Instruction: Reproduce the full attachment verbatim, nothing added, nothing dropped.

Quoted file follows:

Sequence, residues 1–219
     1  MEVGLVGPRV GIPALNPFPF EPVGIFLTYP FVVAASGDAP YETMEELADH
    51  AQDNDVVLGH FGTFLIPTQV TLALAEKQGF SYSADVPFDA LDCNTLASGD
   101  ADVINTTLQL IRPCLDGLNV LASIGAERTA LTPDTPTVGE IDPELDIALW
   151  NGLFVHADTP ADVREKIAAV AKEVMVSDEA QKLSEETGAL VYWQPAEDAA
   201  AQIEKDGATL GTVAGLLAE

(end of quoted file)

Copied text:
Sequence, residues 1–219
     1  MEVGLVGPRV GIPALNPFPF EPVGIFLTYP FVVAASGDAP YETMEELADH
    51  AQDNDVVLGH FGTFLIPTQV TLALAEKQGF SYSADVPFDA LDCNTLASGD
   101  ADVINTTLQL IRPCLDGLNV LASIGAERTA LTPDTPTVGE IDPELDIALW
   151  NGLFVHADTP ADVREKIAAV AKEVMVSDEA QKLSEETGAL VYWQPAEDAA
   201  AQIEKDGATL GTVAGLLAE